Having a ferret as a pet is not something you see every day. However, sometimes fashions or the desire to have something that others do not have can be wrong and not measure the consequences that an exotic animal can cause.
Therefore, today we are going to talk to you about what it is like to have a ferret as a pet, whether it is suitable in homes with children, and everything you need to consider before making the final decision. Remember that animals also have feelings and it is not useful that, after time, you get tired of them and abandon them.
Who is a ferret suitable for as a pet?
A ferret is an exotic animal that, only because of originality and novelty, can attract a lot of attention to you. But just like a dog or cat you need to think about whether it really is the pet you need or want because it has a number of needs that you need to satisfy it.
If you can’t do it, no matter how excited you have to have a ferret as a pet, it is not the most suitable thing, because in the long run you will get tired of it and end up leaving it. And besides, the animal may not live well in your home.
Thus, a ferret needs care (not many, but some essential ones), as well as veterinary visits, and, above all, attentions. Are you working away from home all day and when you arrive you’re exhausted? So how are you going to take care of your pet? She’ll want to play and pamper him, she can’t be locked in her cage all day, nor does she play alone.
In addition, we talk about an animal that has a lot of vitality. It is perfect for a home, because it is very sociable, intelligent and also affectionate, but you have to burn that energy you have to avoid undesirable behaviors, not only because it becomes destructive, but because it can also bite.
Ferret as a pet with children
For all we’ve said before, if you think about whether a ferret is a good idea as a pet for children, or in homes with children, the truth is that the answer is ambiguous. Having a naughty and messy animal, if you put it together with children everyone’s energies can overflow you. And the fact is that ferrets get that energy from the little ones, it will become very active and yes, also naughter. It’ll be like you have another child. And of course, that can end up exhausting you, especially if your children tend to do things they shouldn’t (take out the animal when it doesn’t touch it, play with it when they should be doing other things…).
Yes, it is an exotic, curious, funny, energetic pet… But beware, but it also needs a routine so that that energy you have does not become destructive. And if you have children at home, they too must learn that he needs to be educated so that he doesn’t break anything or escape… or bite.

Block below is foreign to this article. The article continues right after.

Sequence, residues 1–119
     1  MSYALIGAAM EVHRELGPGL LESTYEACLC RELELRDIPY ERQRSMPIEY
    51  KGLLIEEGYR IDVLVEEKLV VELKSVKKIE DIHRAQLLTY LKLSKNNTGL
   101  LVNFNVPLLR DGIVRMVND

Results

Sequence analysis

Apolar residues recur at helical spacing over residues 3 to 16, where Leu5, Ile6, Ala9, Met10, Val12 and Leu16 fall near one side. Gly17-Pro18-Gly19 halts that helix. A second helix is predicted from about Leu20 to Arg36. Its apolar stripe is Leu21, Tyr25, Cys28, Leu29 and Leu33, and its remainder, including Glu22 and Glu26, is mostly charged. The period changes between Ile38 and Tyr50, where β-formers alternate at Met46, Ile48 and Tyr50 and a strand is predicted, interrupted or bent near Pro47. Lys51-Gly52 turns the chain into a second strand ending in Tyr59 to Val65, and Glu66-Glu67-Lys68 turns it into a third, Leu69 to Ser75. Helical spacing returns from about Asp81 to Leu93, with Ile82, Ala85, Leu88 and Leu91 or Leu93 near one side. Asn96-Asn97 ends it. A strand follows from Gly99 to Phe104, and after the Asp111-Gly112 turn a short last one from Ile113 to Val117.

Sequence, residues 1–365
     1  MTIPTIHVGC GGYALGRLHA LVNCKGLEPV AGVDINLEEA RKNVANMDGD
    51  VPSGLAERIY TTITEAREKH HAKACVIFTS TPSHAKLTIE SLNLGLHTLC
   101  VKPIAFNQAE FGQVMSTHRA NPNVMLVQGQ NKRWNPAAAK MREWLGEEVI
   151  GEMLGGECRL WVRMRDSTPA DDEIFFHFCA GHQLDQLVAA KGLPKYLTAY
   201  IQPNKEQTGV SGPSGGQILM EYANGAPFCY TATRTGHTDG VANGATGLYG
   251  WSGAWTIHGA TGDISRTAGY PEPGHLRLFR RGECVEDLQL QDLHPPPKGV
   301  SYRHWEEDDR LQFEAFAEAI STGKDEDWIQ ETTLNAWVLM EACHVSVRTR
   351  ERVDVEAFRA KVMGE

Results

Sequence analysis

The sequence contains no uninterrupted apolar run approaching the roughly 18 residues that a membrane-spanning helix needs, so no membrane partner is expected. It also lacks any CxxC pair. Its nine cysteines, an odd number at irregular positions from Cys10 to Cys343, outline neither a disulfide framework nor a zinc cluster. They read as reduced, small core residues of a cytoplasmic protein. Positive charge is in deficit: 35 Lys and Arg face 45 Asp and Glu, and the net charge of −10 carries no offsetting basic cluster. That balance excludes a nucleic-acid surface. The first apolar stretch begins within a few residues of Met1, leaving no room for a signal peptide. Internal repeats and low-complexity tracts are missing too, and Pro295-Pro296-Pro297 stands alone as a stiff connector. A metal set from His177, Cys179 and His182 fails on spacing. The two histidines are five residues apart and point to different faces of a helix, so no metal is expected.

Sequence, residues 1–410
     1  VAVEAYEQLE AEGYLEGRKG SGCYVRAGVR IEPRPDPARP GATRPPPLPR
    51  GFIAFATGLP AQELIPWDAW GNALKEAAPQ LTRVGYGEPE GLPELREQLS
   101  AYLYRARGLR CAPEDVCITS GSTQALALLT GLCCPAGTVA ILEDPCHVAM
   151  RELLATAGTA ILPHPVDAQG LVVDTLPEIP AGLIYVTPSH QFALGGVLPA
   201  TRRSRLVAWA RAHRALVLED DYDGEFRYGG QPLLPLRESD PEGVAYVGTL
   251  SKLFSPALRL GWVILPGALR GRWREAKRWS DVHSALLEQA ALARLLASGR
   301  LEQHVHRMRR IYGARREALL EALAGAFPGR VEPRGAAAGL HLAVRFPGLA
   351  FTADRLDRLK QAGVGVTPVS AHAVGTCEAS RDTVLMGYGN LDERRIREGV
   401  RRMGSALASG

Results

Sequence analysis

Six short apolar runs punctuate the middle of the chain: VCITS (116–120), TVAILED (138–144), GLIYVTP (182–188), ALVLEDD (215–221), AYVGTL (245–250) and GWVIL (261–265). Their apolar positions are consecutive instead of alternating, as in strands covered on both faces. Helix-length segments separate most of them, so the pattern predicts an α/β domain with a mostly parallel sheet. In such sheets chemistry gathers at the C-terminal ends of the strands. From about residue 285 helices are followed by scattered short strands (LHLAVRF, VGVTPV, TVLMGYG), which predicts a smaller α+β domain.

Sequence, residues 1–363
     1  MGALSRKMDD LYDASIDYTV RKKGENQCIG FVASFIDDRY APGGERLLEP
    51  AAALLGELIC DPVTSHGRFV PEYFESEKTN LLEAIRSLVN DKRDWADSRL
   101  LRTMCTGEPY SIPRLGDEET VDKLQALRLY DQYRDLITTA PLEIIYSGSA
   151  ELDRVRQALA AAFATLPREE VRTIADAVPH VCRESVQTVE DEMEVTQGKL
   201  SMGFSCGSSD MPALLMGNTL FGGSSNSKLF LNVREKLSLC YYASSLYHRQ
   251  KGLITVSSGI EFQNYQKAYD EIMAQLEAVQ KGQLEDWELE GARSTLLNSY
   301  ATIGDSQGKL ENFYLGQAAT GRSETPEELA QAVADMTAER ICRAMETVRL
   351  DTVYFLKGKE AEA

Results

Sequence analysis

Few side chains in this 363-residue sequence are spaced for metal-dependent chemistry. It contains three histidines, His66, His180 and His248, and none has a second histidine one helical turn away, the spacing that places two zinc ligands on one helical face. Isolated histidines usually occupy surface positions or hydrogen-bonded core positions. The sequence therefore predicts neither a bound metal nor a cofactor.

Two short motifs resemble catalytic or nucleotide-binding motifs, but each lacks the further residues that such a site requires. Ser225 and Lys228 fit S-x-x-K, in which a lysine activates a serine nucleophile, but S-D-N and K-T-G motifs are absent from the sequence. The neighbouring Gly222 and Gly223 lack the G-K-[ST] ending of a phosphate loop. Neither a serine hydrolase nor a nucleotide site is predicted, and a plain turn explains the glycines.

What to consider first of all about a ferret as a pet?
If you think that a ferret as a pet is what you need, you need to know what you need to provide this animal to live well. And here we’re going to give you a summary of the most important thing. So don’t stop taking a look at it.
Veterinary care of the ferret
Did you think a ferret doesn’t need to go to the vet? Well, it’s not like that. In fact, you need this animal to have a chip placed, as well as a vaccination card always up to date.
And speaking of vaccinations, the ferret should be vaccinated for the first time at two months. This vaccine is both rabies and distemper, and you have to repeat them annually, even if you do not leave home, to avoid problems (even if you have children at home).
In addition, a checkup is necessary every 6 months or annually to verify that it is OK, as well as preventing common diseases in it.
As with any animal, the ferret can also suffer from different diseases. The most common, and those you face, are the following:
- Parasitic diseases, such as internal or external parasites, scabies or the “heart worm”, a disease that provokes some mosquitoes and can affect the heart of the animal as it houses worms that are debilitating its life.
- Bacterial diseases, the most common being Lyme (by ticks) or colitis (colon infection).
- Fungi, which would cause diseases like valley fever, ringworm… These are less common if you don’t get your ferret out of the house.
- Viral diseases, such as flu and colds, but also rabies or distemper (hence vaccinating it annually).
- Heart problems.
- Hairball problems (like cats).
Needs of the ferret as a pet
Finally, here we leave you the needs that the ferret will have in your house. If you can provide them to them, along with the previous ones we’ve told you, then you should have no problem with it.
- You need me to get out of the cage. While some experts are of the opinion that if you give it a fairly wide cage you don’t have to take it out, it’s not true. You need to go out several hours a day to work out. And that means you have to place it in a closed place. Imagine you’re dropping it all over the house. That means it’s going everywhere, you can hide in gaps, or even worse, have accidents. And with how revoltous it is, don’t miss you.
- Watch out for other pets. In the case of dogs and cats nothing happens, but if you have rodents or birds, ferrets are hunters by nature, and do not understand “friends” or “companions”. So you might have a disgust.
- Bad smells. Yeah, it’s something you don’t tell you in animal shops, not even breeders, but ferrets smell. A lot. So if you can’t stand bad smells, you can already think about another pet.
- Feeding. You will have to provide him with adequate food. Normally it will be think, but also another food that gives vitamins and nutrients that feed can’t give you.
- Hygiene. Related to bad smells, and depending on its “smell”, you might have to bathe it every week, every two weeks or every two months. But you should also thoroughly clean the cage once a week and try to remove the droppings daily to avoid problems (health, hygienic…).
Do you dare to have a ferret as a pet?